US waits as federal judge mulls fate of comatose woman

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The Independent US

After a night of extraordinary political drama on Capitol Hill, the Terri Schiavo right-to-die case was last night in the hands of a federal judge, who was deciding whether to order a feeding tube be restored to keep the brain-damaged woman alive.

After a night of extraordinary political drama on Capitol Hill, the Terri Schiavo right-to-die case was last night in the hands of a federal judge, who was deciding whether to order a feeding tube be restored to keep the brain-damaged woman alive.

District Judge James Whittemore, sitting in Tampa, Florida, did not immediately make a ruling after a two-hour hearing, and gave no indication on when he might act. "I will not tell you where, how or when it will be," he said of his decision.

Whatever his ruling, an immediate appeal is thought likely.

He was sitting less than 14 hours after George Bush signed into law an emergency bill rushed though Congress in a rare Palm Sunday session. The measure "will allow federal courts to hear a claim on behalf of Terri Schiavo for violation of her rights relating to the withholding ... of food, fluids, or medical treatment necessary to sustain her life," said the President, who interrupted an Easter break at his Texas ranch to return to Washington.

David Gibbs, an attorney for Ms Schiavo's parents, told the court yesterday that forcing her to die by starvation and dehydration would be a mortal sin under her Roman Catholic beliefs. "It is a complete violation to her rights and to her religious liberty," he said.

But the judge told Mr Gibbs that he was not persuaded. "I think you'd be hard-pressed to convince me that you have a substantial likelihood" of the suit succeeding, said Mr Whittemore, who was nominated by Bill Clinton in 1999.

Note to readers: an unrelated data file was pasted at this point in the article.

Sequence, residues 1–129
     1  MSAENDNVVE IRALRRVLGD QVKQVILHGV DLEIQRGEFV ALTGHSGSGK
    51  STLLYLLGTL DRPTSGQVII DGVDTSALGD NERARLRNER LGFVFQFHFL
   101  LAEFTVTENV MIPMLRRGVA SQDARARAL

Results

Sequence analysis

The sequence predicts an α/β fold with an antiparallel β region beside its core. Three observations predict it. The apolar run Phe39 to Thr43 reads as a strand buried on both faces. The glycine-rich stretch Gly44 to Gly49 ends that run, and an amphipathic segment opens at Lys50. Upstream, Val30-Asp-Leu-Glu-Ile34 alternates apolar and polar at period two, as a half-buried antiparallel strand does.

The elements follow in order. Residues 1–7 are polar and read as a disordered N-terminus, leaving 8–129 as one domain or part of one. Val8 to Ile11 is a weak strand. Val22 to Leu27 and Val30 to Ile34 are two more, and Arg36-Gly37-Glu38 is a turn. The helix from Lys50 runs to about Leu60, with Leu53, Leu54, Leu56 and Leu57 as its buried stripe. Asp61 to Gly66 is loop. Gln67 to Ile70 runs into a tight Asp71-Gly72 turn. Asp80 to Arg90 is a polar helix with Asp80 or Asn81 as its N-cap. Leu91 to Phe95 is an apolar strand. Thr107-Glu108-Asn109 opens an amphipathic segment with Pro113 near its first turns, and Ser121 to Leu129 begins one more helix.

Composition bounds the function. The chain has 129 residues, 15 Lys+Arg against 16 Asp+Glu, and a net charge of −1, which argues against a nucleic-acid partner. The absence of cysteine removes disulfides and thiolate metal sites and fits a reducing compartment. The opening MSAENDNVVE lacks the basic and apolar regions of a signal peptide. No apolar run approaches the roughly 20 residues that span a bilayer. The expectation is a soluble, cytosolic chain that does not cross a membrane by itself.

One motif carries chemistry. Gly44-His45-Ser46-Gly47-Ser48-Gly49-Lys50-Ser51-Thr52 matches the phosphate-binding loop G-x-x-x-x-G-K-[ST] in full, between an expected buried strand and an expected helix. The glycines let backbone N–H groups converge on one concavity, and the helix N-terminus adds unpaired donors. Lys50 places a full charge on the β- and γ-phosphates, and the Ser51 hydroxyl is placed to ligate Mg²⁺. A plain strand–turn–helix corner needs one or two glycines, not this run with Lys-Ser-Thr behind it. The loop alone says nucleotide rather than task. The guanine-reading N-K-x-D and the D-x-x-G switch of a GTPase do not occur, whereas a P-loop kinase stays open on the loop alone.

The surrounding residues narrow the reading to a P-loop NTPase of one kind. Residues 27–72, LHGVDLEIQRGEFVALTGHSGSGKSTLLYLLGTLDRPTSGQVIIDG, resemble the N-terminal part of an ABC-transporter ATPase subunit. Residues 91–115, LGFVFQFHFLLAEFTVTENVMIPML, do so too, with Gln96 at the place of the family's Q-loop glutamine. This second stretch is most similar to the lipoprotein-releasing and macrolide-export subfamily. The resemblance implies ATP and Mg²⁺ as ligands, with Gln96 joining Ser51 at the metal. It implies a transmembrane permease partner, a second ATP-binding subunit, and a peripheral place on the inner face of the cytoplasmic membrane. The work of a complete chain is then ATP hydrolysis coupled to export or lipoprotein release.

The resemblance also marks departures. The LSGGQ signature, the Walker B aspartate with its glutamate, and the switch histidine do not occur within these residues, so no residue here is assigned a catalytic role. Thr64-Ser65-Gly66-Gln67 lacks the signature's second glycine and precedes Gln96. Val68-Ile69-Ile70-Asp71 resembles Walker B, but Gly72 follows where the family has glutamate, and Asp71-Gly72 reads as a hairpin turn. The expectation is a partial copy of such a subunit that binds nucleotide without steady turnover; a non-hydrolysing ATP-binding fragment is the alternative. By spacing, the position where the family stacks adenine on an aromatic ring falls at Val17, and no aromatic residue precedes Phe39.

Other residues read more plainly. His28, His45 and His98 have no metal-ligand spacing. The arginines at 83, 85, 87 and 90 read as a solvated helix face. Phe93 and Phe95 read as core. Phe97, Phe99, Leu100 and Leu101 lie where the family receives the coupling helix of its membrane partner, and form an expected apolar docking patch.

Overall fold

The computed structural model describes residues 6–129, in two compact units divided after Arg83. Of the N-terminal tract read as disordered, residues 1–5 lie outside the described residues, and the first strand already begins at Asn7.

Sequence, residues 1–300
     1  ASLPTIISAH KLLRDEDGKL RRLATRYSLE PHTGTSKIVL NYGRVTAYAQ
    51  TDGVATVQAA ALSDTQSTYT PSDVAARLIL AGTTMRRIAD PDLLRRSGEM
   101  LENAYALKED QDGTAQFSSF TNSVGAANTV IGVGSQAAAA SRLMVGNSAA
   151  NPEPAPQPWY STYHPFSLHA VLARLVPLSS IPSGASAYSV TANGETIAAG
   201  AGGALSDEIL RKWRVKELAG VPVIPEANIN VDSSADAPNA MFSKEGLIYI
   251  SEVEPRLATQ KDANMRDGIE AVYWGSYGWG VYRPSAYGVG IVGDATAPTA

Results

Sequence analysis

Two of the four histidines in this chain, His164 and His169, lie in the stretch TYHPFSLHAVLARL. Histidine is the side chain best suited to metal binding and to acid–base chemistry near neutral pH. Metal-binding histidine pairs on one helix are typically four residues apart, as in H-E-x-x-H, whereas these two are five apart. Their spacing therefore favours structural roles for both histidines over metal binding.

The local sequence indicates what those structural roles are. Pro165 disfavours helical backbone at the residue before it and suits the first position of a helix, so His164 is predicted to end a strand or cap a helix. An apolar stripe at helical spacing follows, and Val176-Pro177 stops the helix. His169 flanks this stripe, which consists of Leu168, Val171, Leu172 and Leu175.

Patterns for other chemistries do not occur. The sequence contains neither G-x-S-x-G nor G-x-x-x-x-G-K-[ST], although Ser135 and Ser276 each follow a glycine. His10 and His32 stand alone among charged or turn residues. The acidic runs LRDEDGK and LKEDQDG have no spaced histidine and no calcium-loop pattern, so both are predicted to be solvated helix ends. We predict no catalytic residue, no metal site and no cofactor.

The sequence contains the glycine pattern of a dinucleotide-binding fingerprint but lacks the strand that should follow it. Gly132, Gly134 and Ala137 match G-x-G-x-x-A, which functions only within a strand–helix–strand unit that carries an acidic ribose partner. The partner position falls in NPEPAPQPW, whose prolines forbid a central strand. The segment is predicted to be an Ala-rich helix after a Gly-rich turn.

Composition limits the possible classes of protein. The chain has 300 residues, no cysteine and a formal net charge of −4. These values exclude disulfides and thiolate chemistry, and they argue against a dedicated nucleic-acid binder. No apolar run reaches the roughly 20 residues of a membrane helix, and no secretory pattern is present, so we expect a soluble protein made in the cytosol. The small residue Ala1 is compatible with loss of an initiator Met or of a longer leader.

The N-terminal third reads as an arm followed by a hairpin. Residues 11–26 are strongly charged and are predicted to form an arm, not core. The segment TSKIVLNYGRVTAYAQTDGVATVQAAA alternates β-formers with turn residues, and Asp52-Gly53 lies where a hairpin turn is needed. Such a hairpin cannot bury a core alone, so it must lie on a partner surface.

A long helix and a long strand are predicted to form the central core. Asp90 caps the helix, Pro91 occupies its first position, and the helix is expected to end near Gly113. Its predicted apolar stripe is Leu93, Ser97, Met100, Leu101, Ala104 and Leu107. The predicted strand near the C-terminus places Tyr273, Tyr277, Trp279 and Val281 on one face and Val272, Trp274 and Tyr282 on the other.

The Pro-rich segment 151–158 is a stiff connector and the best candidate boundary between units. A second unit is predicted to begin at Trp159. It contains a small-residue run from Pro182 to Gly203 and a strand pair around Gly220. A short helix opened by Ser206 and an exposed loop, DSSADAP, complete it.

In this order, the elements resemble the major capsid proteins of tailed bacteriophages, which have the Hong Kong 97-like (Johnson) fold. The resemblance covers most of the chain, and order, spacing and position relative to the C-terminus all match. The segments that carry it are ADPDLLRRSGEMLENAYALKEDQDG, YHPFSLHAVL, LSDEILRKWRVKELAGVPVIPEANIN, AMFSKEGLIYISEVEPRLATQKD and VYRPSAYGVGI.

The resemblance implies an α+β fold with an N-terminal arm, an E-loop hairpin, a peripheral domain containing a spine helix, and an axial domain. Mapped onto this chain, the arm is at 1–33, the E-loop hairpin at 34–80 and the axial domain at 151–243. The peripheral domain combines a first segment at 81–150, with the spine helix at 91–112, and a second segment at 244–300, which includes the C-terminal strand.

George Felos, one of the attorneys for Ms Schiavo's husband Michael, told the judge the case had been aired thoroughly in state courts and that forcing Ms Schiavo to endure another re-insertion of the tube ­ an operation performed twice before ­ would violate her civil rights. In anticipation that the judge would order feeding be resumed, an ambulance was ready to take Ms Schiavo from the hospice in Pinellas Park, near Tampa, where she has been living to a hospital for the tube to be re-inserted.

The tube was removed on Friday afternoon on the order of a Florida state court. If it is not restored Ms Schiavo ­ who has been in a permanent vegetative state since suffering a heart attack that starved her brain of oxygen in 1990 ­ would die within two to three weeks.

The case went to the federal judge after the Republican-led Congress responded to the pleas of her family and intervened. A first attempt to approve a bill by unanimous consent was blocked by a handful of Democrats, but after the legislation went through the Senate, the House passed the bill after an impassioned debate by 203 to 58 on a roll-call vote at 12.42am yesterday.

Six Republicans and 52 Democrats voted against, less because of a belief that the parents' wish should be overruled as from the belief that Congress was interfering in a matter settled by a series of legal rulings in Florida.

That has been the emphatic, long-held view of Mr Schiavo, who insists his wife told him before she suffered her brain damage that she would never want to be artificially kept alive in such circumstances.

"This has been heard by 20 judges; the US Supreme Court has heard this," he said yesterday. "There's no doubts here, and Mr Bush should be ashamed of himself." According to an ABC News poll, most Americans agree, with 70 per cent of respondents saying that Congress was wrong to intervene.

The case has also attracted the attention of the Vatican. "Who can decide whether to pull the plug as though we were talking about some domestic appliance which was broken or no longer being used?" its newspaper, L'Osservatore Romano, wrote in an editorial.

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